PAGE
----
And then, one day, God just came down and swept up this Enoch from the earth. Whether Enoch died a natural death of whether he was taken up alive like Elijah we do not know.

But it is clear that Enoch walked with such grace before the Lord that a time arrived when God got beside Himself with love for this man and He told him, “Friend, today I am not leaving without you. Let’s go away and live together forever!”

That’s what it means when the scriptures say that “God took him”.

The truly amazing thing in all this saga is that God took Enoch to go live with Him forever. Can you imagine that? Forever!! Most of us are in a such a hurry to get to heaven we do not pause to consider that if God is going to live with someone forever, the first thing He would do is to make sure – double sure – that He will enjoy that person’s company. That is what God did with Enoch; and you can bet your last dollar that God has the best measuring tools available anywhere.

Are we sure God would enjoy our company?

And so, at a time when men were living here on earth for close to a thousand years, Enoch lived only 365 years – and he disappeared.

“… God took him”. In other words, God was so enamoured with Enoch, so attracted to him, that He “eloped” away with him the way a man elopes with the girl he loves. God just couldn’t live without Enoch. He needed him up there with Him!

I truly envy Enoch.

In the New Testament, the Apostle Paul – a true man of grace – says it were far much better for him to be in heaven with the Lord Jesus than to be down here. Words cannot express the fellowship that Paul anticipated on getting to heaven!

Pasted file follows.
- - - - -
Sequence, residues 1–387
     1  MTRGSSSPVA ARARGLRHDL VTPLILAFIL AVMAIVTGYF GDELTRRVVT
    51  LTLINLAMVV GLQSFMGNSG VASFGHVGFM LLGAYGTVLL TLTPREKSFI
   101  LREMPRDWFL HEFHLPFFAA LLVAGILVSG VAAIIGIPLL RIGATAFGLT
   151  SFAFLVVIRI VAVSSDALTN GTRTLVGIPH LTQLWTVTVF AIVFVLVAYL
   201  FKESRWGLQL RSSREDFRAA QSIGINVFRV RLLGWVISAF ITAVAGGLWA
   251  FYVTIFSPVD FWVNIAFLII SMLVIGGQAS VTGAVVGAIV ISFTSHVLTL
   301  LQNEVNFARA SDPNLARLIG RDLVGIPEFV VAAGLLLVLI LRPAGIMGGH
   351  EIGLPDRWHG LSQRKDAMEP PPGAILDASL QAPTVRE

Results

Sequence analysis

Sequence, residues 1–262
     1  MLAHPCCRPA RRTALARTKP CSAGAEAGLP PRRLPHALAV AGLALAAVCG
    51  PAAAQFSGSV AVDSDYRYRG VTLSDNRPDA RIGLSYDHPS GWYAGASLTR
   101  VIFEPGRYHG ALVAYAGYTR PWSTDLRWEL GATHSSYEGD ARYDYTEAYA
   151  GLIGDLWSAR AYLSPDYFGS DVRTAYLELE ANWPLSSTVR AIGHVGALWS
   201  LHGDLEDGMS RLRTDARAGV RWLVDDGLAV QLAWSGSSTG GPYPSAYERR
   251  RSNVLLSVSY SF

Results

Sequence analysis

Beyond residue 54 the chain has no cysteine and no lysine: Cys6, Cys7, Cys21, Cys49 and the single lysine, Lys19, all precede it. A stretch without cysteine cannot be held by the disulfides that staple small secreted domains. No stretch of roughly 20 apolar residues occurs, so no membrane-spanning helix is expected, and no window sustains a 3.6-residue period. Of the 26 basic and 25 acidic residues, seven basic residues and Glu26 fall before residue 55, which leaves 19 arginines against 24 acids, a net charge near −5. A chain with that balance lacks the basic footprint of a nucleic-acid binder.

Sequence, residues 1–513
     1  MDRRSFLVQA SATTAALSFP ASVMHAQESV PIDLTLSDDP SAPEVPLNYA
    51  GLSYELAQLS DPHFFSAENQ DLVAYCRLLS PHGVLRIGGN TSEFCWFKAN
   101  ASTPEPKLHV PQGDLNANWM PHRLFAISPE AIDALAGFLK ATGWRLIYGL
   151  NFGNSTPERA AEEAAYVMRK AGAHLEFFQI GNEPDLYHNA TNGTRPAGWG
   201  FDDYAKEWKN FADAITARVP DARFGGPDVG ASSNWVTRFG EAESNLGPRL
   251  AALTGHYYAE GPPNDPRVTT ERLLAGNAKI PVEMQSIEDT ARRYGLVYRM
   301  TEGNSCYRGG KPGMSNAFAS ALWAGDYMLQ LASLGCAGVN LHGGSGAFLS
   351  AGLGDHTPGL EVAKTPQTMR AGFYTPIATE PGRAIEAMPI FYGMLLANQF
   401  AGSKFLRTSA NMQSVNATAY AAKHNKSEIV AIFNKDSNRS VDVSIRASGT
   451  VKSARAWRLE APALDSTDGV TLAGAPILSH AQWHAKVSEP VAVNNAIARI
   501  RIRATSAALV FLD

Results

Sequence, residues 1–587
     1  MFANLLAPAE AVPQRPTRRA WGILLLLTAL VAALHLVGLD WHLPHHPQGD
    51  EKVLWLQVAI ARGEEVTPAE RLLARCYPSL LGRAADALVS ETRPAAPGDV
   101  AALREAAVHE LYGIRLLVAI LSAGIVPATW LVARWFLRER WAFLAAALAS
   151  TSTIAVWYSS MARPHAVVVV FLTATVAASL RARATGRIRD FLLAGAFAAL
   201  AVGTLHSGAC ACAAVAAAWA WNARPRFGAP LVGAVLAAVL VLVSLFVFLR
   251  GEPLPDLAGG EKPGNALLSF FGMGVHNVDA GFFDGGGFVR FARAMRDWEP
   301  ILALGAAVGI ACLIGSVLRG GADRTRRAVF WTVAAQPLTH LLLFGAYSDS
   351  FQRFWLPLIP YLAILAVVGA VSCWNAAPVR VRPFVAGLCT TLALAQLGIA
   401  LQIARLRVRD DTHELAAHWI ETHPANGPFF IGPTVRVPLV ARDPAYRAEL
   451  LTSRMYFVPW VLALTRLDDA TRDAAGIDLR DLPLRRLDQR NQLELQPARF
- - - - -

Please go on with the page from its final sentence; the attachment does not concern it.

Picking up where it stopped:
Let us now trickle down to us. Most of us live such legalistic and grace-less and sin-filled lives that, if we were to meet God face to face, there would be no pleasure in that encounter! Certainly not for God. I could be wrong, but I suspect that is why He is not in a hurry to bring many of us up to be with Him! He has no pleasure in the kind of lives we are living down here, how could He expect to be happy with us once we get to heaven?

There is, however, a small group of people whom the Lord does not call up to “be with Him” for a more positive reason. God allows these people to live long lives here on earth because He wants them to continue benefitting the church on earth. These are the truly grace-ful people. That was the case with the early apostles. And it applies also to the men and women of God who have impacted the church positively throughout history up to the present time.

Unfortunately, this second group is a very tiny portion of the total number of believers. A disproportionate figure is in the first category, those who are still around for a lack of grace in their lives. God is not a hurry to surround Himself with such people, and forever, at that! He gives them more time to soak in the grace that is all too readily available to them here on the earth, to be more perfected, so that when He finally calls them up to heaven, they will bring Him as much joy as Enoch did – and still does.

[Below: Where the grace of our Lord is to be found in men’s hearts there is love, kindness, understanding, forgiveness, and purity of heart. These were the things that Enoch carried in his heart while here on earth]


Grace – Part 1

And Enoch walked with God: and he was not; for God took him. Gen. 5:24

Sometimes the Lord reveals something and you wonder, how much is such a “leak” worth? And all of a sudden you realize that if all the money in the world, every last dime of it, and all the gold, and all the silver, and every kind of worldly treasure – if all of it were gathered together, it would count as nothing in the face of the tiniest bit of heavenly revelation that the Lord grants us to see in our hearts.

Today I would like us to consider the subject of grace a little bit more. There is so much the Lord wants us to know about this subject for He Himself is a God of grace. Our Lord Jesus Christ came to reveal a God of grace and truth.

Did you know, for example, that before the law came God dealt with His people through grace? For example, Abel walked in the grace of God. And so did Enoch, and Noah.